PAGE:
Happy St. Patrick’s Day everyone! While some of you may be planning a party full of green finger foods and kegs of beer, I thought it may be nice to do a simple St. Patrick’s Day dinner for those of us who will be spending a more quiet evening at home with our children. In America when we think about an Irish meal, the first thing that comes to mind is Corned Beef and Cabbage. However, did you know that Corned Beef did not originate from Ireland? Most Irish in Ireland don’t identify with it as native cuisine and it is mainly served to tourists.
Corned beef was used as a substitute for bacon by Irish-American immigrants in the late 19th century. Corned beef and cabbage is the variant to the Irish dish bacon and cabbage. In Ireland pork was cheap and the preferred meat with the favored cut being Irish bacon, a lean, smoked pork loin similar to Canadian bacon. Back then when there was a surge of Irish immigrants in the United States, pork was expensive for most newly arrived Irish families, so they began cooking beef, which was the staple meat in the American diet. At that time Irish immigrants lived alongside other European ethnic groups that often faced discrimination in their new home, including Jews and Italians. The Irish working class in New York City frequented Jewish delis and lunch carts, and it was there that they first tasted corned beef. Cured and cooked much like Irish bacon, it was seen as a tasty and cheaper alternative to pork. While potatoes were readily available in the United States, cabbage offered a more cost-effective alternative to cash-strapped Irish families. Cooked in the same pot, the spiced, salty beef flavored the plain cabbage, creating a simple, hearty dish that couldn’t be easier to prepare. Corned beef and cabbage stemming from Irish Americans spread across the country and became a staple at the dinner table during St. Patrick’s Day celebrations for Irish Americans.
Although not an Irish tradition, it is certainly a tradition created by Irish Americans and continues to this day. So, since we are Americans, I have decided to go ahead and cook in Irish American tradition for this day. Although it requires a bit of time to slow cook, it is actually very simple to cook, much of the reason why it became so popular among Americans.
Firstly, lets talk about the brisket for making Corned Beef. There is no need to cure your own beef. It would take you at least two weeks to prepare the meat and it is very unnecessary when there are perfectly good cuts of meat already prepared by the butcher ready for you to take home and cook your St. Patrick’s Day dinner. I’m using an uncured corned beef with no nitrate, hormones, or anitbiotics. It’s spiced and upon opening the package you will smell the scent of corned beef before even cooking it. Now, here is the recipe for preparing Corned Beef and Vegetables.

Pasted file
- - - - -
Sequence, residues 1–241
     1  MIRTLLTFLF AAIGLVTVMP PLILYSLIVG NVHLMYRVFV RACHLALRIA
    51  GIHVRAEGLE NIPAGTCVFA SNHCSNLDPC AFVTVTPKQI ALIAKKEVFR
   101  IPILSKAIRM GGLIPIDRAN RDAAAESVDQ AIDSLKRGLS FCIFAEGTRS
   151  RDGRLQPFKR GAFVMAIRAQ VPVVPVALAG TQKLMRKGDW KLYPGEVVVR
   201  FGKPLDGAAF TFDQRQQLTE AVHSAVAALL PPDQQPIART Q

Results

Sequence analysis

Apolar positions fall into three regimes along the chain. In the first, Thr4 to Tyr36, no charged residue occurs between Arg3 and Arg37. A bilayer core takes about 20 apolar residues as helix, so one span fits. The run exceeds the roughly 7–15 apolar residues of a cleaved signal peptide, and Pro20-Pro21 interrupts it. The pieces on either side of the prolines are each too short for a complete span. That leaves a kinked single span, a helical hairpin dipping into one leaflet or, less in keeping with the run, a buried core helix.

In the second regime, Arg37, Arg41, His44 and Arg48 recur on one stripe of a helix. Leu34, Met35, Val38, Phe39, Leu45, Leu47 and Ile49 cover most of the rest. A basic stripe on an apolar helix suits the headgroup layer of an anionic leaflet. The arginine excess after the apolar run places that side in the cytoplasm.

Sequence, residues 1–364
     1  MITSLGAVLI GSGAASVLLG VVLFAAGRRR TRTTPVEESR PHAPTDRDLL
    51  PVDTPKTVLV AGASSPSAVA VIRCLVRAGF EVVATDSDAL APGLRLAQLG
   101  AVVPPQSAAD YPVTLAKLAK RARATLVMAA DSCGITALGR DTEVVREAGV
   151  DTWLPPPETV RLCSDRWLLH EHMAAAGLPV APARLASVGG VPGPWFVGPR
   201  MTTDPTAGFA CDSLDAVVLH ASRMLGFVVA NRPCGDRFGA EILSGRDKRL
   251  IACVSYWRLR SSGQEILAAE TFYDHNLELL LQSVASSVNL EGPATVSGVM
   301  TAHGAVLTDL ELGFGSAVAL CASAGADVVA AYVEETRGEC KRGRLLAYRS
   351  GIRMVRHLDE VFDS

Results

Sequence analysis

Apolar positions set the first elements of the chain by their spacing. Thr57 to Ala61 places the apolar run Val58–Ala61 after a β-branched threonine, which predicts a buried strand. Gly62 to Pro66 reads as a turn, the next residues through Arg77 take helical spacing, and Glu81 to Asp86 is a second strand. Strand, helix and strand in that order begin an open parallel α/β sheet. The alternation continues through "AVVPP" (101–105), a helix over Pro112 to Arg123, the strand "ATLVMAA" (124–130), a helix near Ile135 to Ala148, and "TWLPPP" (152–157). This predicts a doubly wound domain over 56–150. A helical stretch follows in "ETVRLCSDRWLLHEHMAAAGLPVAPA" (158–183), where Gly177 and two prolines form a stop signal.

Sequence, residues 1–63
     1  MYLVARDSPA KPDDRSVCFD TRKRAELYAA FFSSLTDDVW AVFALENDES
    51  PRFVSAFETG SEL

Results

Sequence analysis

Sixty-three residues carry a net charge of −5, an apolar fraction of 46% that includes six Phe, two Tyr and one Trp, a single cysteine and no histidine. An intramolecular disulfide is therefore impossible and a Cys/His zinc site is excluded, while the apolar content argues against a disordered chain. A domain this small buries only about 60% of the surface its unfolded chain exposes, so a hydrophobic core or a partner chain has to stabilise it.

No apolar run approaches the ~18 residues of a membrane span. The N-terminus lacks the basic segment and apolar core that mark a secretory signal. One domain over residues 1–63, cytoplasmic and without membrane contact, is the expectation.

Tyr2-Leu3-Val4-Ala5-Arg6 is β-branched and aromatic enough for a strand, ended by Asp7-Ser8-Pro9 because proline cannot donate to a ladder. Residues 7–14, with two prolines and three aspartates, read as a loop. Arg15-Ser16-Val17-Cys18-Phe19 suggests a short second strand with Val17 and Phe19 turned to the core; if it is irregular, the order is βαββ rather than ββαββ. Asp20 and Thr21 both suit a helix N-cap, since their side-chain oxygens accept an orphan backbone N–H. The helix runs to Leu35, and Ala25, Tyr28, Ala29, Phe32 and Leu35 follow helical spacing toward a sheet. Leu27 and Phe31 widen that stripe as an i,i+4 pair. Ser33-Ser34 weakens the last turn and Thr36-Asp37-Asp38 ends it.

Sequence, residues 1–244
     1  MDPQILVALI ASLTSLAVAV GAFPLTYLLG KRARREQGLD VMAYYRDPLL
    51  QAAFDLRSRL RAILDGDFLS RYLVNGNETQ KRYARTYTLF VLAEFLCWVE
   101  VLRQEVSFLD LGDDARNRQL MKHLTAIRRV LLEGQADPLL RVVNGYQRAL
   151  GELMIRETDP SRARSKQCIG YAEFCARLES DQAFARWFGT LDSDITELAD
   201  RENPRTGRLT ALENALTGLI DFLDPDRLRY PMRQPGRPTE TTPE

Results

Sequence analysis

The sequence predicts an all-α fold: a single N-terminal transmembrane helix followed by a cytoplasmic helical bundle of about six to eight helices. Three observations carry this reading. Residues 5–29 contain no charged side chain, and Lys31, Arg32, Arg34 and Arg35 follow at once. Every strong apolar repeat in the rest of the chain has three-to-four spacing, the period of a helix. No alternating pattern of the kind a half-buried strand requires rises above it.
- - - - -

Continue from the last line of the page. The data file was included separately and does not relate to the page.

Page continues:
Corned Beef with Cabbage, Potatoes, and Carrots
2 lbs Corned Beef Brisket with Spice
10 Black Peppercorns
2 Bay Leaf
1 Large Head Cabbage, cut into small wedges
5 Carrots, peeled and cut into 3 inch pieces
10 Small Red Potatoes, quartered
1 stick butter
salt and pepper for taste
Place corned beef in large pot and cover with water about 2 inches above the brisket. Include all the spices that comes with the corned beef, and add peppercorns and bay leaf. Bring to a boil, then reduce to a simmer. Simmer approximately 1 hour per pound or until tender. I let my 2 lbs brisket simmer for 3 hours.
Remove the corned beef from the water once it is completely tender and add the potatoes and carrots to the same water mixture. Add a little salt to the water if desired. Once the vegetables are nearly tender add the cabbage and cook for 15 more minutes.
Place vegetables in a bowl. Slice meat across the grain and drape over the vegetables . Add butter to the broth and stir until it’s melted, ladle over the vegetables and meat.
To add something truly authentic from Ireland to this meal, make Irish Soda Bread. It is a nice rustic complement to this simple meal. Real Irish Soda Bread is actually a simple mixture of flour, salt, baking soda and buttermilk. Anything more than that is tea cake and not the original Irish Soda Bread. You may often see recipes that include fruits and eggs, but remember that traditional Irish food was very basic and simply made because they really could not afford a lot.
Irish Soda Bread
3 1/2 Cups Flour
1 Teaspoon Sugar
1 Teaspoon Salt
1 Teaspoon Baking Soda
1 Cup Buttermilk or Regular Milk
Preheat the oven to 400 Farenheight. Mix together the dry ingredients then add the milk. Gently knead the mixture and form a ball. Flatten the lump of dough to a slightly domed circle about 6 inches in diameter and put it on a baking sheet. Use a sharp knife to cut a cross right across the circle. Bake for 45 minutes.